"I made mistakes in drama. I thought drama was when actors cried. But drama is when the audience cries." - Frank Capra
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Wonderful film, though i felt that the ending was way too abrupt and inappropriate. Maybe Hazanavicius wanted a happy ending to such a depressing film. By the end of the film, I never empathised with Valentin anyway. And The Great Depression was mentioned but i dont understand what it had to do with the movie, other than to highlight that historical point in time to modern audience.

Anyway, i give it

Kim Novak says The Artist ďraped my careerĒ
Hollywood legend says Oscar favourite ripped of theme from Vertigo, director responds

Kim Novak, the 73-year-old star of Hitchcock's classic 'Vertigo', has fired an amazing broadside at Oscar favourite 'The Artist'.

Novak feels that use of love theme tune from 'Vertigo' in 'The Artist' is ďcheatingĒ, and has said so in uncompromising fashion in a full-page advert in a recent issue of Variety.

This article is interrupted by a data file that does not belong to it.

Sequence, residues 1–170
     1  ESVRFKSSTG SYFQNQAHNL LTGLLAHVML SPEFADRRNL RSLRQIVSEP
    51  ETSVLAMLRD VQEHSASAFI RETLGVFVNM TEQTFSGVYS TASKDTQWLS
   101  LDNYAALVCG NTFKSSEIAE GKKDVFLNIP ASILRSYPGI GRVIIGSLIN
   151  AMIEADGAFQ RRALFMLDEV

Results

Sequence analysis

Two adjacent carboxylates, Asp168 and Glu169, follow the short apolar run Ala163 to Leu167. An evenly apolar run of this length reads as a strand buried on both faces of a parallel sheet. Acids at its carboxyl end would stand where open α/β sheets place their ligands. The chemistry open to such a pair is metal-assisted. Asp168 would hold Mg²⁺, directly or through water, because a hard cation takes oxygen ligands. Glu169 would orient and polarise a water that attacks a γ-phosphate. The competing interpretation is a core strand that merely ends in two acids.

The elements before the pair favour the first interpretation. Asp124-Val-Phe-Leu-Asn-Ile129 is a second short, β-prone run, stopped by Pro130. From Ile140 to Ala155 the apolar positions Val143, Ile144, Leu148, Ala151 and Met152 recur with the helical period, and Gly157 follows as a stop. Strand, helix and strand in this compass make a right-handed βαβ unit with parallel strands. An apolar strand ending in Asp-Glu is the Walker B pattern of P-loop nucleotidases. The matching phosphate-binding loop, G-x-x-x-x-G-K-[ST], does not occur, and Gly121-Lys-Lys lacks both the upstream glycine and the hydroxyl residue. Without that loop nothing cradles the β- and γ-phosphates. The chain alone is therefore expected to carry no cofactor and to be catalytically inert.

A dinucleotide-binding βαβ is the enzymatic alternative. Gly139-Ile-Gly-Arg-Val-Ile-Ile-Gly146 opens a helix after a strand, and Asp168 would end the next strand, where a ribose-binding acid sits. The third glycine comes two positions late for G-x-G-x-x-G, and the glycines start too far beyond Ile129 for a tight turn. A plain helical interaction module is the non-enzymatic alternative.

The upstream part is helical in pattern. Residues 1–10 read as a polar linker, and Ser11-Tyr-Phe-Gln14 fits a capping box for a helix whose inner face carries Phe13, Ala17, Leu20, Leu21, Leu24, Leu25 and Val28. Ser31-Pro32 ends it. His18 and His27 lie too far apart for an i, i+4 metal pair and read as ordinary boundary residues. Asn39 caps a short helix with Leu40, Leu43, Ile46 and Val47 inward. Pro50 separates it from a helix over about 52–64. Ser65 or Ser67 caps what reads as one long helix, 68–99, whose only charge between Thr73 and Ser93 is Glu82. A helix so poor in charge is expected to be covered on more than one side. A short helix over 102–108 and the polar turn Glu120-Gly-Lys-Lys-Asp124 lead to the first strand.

Note the use of CAPS. She's clearly ANNOYED!

Novak goes on to say that the small credit given to original composer Bernard Herrmann is not enough.


Michel Hazanavicius, director of 'The Artist', has responded in more measured terms.

ď'The Artist' was made as a love letter to cinema, and grew out of my (and all of my cast and crewís) admiration and respect for movies throughout history.Ē

He concluded: ďI love Bernard Hermann and his music has been used in many different films and Iím very pleased to have it in mine. I respect Kim Novak greatly and Iím sorry to hear she disagrees.Ē

The real question now is if this will affect the Oscar race in any way. The Academy usually opts for the safest option when dishing out awards, and this is the first black mark against 'The Artist'.

Bright light. Bright light. Uh oh.
I think that Kim Novak should be happy that more young people will know about her now, but I think that her lawyer is the one who raped her. What a dick! and obviously an ambulance chaser.